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UK Politics

Conservative Party conference: Lord Heseltine warns Tories over pact with 'racist' Ukip

Former Deputy Prime Minister likened Nigel Farage’s party to supporters of Enoch Powell in the 1960s

The UK Independence Party was denounced as racist today by Lord Heseltine, the former Deputy Prime Minister.

He mounted the strongest ever attack by a senior Conservative on the party amid calls from some Tory right-wingers for an electoral pact between Ukip and Eurosceptic MPs.

Lord Heseltine likened Nigel Farage’s party to supporters of Enoch Powell in the 1960s, saying: “We have seen Ukips before”.  He also drew a parallel with the rise of far-Right politicians in Europe such as the Front National in France.

He said: “You always have these right-wing racist operations pandering to the lowest common denominator in politics.”

Lord Heseltine told the BBC: “Of course it is racist, who doubts that? The language, the rhetoric, the membership – who doubts it?”

He said he was not accusing Mr Farage of racism, but added: “His party is very attractive to a racist agenda.”

The former Deputy Prime Minister warned his party that any formal link with Ukip would drive “pivotal” voters in the political centre ground away from the Conservatives.

His comments follow a series of controversies to hit Ukip. Its Euro-MP Godfrey Bloom, who has now lost the party whip, attacked the provision of overseas aid to “bongo bongo land”, while its most senior press officer referred to a journalist as being of “some form of ethnic extraction”.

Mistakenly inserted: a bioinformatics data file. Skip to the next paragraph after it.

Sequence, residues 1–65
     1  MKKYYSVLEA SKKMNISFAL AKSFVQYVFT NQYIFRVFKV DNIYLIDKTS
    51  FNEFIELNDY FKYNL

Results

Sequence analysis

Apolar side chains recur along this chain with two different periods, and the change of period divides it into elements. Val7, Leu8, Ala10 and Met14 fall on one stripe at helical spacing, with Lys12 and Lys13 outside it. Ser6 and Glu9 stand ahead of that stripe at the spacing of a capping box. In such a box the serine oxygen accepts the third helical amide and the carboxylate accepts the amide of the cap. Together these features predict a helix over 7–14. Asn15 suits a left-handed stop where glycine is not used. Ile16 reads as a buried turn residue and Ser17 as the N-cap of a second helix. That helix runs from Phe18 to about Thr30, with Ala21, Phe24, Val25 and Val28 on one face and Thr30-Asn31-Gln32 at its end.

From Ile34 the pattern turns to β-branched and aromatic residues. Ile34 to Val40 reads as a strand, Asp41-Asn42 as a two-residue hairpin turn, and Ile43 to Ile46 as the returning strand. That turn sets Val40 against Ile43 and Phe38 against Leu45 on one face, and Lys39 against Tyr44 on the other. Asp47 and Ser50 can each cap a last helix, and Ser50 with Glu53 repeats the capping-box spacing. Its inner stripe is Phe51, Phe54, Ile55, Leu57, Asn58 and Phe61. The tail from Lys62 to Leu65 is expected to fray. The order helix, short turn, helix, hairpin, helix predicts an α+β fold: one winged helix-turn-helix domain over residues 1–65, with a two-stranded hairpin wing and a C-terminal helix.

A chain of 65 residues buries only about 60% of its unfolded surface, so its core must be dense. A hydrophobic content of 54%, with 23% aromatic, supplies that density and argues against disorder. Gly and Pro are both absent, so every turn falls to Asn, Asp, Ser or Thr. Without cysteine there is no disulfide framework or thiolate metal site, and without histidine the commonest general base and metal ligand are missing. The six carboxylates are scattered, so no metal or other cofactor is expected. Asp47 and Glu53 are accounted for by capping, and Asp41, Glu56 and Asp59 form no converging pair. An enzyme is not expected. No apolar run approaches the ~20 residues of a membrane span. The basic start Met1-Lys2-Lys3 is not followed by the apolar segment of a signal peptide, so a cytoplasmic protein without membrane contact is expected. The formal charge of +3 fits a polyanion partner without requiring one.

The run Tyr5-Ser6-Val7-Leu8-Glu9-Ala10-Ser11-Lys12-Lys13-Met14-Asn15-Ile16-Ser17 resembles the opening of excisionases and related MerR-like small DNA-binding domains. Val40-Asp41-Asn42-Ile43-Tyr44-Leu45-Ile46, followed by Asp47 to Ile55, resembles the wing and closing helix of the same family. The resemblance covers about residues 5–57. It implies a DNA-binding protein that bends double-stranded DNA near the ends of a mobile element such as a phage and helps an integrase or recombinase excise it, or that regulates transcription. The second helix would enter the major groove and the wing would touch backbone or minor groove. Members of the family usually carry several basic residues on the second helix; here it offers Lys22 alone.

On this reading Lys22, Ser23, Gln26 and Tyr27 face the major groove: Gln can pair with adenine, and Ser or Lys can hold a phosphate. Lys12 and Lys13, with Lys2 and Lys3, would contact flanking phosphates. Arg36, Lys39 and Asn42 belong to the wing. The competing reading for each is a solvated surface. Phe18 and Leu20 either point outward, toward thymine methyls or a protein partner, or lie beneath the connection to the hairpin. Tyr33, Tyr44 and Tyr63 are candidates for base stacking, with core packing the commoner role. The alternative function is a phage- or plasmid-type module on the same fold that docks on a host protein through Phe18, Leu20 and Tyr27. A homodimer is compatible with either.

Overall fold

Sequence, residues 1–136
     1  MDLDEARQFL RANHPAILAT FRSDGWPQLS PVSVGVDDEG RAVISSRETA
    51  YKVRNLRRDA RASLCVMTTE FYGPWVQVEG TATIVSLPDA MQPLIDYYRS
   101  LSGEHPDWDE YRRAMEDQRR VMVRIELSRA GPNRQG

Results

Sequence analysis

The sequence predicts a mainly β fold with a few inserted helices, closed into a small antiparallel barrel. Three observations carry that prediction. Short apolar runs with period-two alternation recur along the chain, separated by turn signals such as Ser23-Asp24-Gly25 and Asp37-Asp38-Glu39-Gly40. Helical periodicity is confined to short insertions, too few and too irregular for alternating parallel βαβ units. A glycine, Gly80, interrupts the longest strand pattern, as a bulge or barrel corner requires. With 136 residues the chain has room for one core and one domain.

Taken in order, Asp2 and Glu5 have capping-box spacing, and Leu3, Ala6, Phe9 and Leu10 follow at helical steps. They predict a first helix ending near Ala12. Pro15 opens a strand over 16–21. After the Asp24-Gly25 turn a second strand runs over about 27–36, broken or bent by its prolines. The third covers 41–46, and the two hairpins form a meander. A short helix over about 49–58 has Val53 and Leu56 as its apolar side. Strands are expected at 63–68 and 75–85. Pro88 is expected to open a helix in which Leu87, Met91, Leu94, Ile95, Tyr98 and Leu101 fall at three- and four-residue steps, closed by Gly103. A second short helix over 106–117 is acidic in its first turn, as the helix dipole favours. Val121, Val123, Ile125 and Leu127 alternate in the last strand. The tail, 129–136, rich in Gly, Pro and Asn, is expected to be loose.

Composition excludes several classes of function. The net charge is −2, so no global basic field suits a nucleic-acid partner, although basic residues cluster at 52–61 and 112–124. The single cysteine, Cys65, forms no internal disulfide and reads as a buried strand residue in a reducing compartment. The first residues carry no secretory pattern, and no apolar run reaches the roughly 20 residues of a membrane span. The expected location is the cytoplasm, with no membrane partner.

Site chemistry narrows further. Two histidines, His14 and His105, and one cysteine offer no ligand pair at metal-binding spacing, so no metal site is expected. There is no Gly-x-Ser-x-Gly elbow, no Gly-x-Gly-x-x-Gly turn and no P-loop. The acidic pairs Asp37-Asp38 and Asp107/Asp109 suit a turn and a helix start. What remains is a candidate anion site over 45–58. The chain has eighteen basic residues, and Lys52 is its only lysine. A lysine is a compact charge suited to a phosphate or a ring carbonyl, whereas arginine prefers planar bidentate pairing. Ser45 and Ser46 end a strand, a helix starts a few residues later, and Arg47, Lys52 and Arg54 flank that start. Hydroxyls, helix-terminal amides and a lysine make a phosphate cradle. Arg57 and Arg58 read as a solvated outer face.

Ukip describes itself as “a libertarian, non-racist party” and bans supporters of the British National Party from membership.

Amjad Bashir, a Ukip candidate in next year’s European parliamentary elections, attacked Lord Heseltine for his “baseless and repugnant” accusation of racism.

“He is an ignorant, out of touch dinosaur and quite frankly horrendously flippant by throwing about the word to suit his party’s agenda,” Mr Bashir said.

He also accused the media of “behaving like ignorant and wilfully spiteful children in a playground” by throwing around “this disgusting slur”.

Lord Heseltine’s came five months after the veteran Tory minister Kenneth Clarke described some Ukip candidates as “clowns” and “indignant, angry people” and added: “Fringe-right parties do tend to collect a number of waifs and strays.”

Since his outburst senior party figures have toned down their comments about Ukip for fear of alienating natural Conservative supporters attracted by Mr Farage’s party.